The statistics for both custom and package software implementations are far from motivating, but now it should be easy to understand why. Like a broken record, it comes down to a lack of consideration for the business as a whole. We have found that software is often implemented to solve a specific functional problem and in many cases the “loudest” functional units make decisions for the organization which are biased to their comfort zones. Common examples include situations where organizations operate out of a financial packages, CRM or other software systems that are not cognoscente of distinct processes or key business differentiators.

In opposition to this poorly devised trend, the production phase utilizes the knowledge gained in the planning phase to produce a single software system that conforms to efficient processes, automates tasks and unifies data across the organization. Developed using a specialized framework, the resulting software is designed to be modular and extensible which allows for future adaptation with minimal effort.

Plan. Produce. Realize.

How the magic happens


Planning Outcomes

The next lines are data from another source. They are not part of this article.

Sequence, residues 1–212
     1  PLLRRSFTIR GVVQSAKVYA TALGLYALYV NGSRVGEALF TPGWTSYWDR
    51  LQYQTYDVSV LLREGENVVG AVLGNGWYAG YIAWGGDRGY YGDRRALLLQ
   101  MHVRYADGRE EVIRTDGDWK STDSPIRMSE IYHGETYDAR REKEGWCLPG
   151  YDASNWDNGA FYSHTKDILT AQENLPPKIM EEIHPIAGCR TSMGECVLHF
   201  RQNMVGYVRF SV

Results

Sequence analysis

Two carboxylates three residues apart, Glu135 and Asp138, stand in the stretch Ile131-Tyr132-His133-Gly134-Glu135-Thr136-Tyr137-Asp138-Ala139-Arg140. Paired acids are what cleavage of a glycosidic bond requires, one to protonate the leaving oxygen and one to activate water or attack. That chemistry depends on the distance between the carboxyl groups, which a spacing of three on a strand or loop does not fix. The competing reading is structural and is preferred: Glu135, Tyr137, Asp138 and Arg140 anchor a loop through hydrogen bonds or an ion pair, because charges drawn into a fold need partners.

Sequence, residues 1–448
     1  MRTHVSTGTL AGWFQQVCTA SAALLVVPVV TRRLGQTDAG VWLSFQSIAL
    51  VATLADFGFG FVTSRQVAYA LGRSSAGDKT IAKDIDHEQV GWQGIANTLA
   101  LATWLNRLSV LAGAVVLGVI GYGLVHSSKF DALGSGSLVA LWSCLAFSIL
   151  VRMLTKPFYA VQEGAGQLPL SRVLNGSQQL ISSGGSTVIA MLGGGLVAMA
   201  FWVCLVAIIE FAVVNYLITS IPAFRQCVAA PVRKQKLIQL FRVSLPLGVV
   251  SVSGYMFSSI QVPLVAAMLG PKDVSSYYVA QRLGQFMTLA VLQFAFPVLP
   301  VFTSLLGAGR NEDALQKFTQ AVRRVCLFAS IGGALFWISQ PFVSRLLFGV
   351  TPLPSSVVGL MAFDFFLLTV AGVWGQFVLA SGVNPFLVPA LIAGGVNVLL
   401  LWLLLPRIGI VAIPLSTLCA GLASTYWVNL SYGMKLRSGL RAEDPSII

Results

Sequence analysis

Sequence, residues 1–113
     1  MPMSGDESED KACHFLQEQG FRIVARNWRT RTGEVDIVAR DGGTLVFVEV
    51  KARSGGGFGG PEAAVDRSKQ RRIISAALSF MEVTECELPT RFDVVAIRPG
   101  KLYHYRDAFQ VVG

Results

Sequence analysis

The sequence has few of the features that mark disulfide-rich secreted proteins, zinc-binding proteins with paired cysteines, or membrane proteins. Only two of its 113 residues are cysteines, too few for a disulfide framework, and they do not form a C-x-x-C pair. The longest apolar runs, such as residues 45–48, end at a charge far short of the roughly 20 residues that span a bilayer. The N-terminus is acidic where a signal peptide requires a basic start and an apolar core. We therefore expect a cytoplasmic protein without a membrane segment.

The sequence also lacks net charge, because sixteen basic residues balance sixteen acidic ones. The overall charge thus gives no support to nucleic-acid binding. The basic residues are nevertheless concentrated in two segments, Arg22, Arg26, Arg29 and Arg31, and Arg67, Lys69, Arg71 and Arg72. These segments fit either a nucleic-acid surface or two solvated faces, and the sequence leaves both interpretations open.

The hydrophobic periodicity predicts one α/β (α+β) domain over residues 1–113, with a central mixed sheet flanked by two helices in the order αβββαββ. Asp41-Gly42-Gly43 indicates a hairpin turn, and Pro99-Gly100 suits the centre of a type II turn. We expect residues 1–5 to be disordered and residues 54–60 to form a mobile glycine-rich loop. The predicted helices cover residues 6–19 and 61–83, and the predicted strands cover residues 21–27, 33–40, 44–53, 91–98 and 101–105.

All the value created from the planning phase is used as the enterprise system foundation

Production Roadmap

Objectives and required functions are prioritized by the organization creating a living roadmap

Development Process

Using the Scrum Agile Framework, highest ROI items are worked on first. Short development iterations get the system into the users’ hands faster, eliminating surprise

Repeat Till Complete

Every iteration is reviewed to ensure maximum development performance. The production roadmap priorities are also reassessed, continuing the theme of maximizing ROI. The next set of functionality is then developed till none remain

Plan. Produce. Realize.

Expected Outcomes

The production phase is the perfect union of organizational intricacy and the development experience amassed over the past 30 years of operation. An optimized development process and close collaboration create an environment that fosters success. The outcomes of the production phase are grand, the options are limitless and we have yet to say "it can't be done". More common examples include but are not limited to:

  • An enterprise system encapsulating the organization in its entirety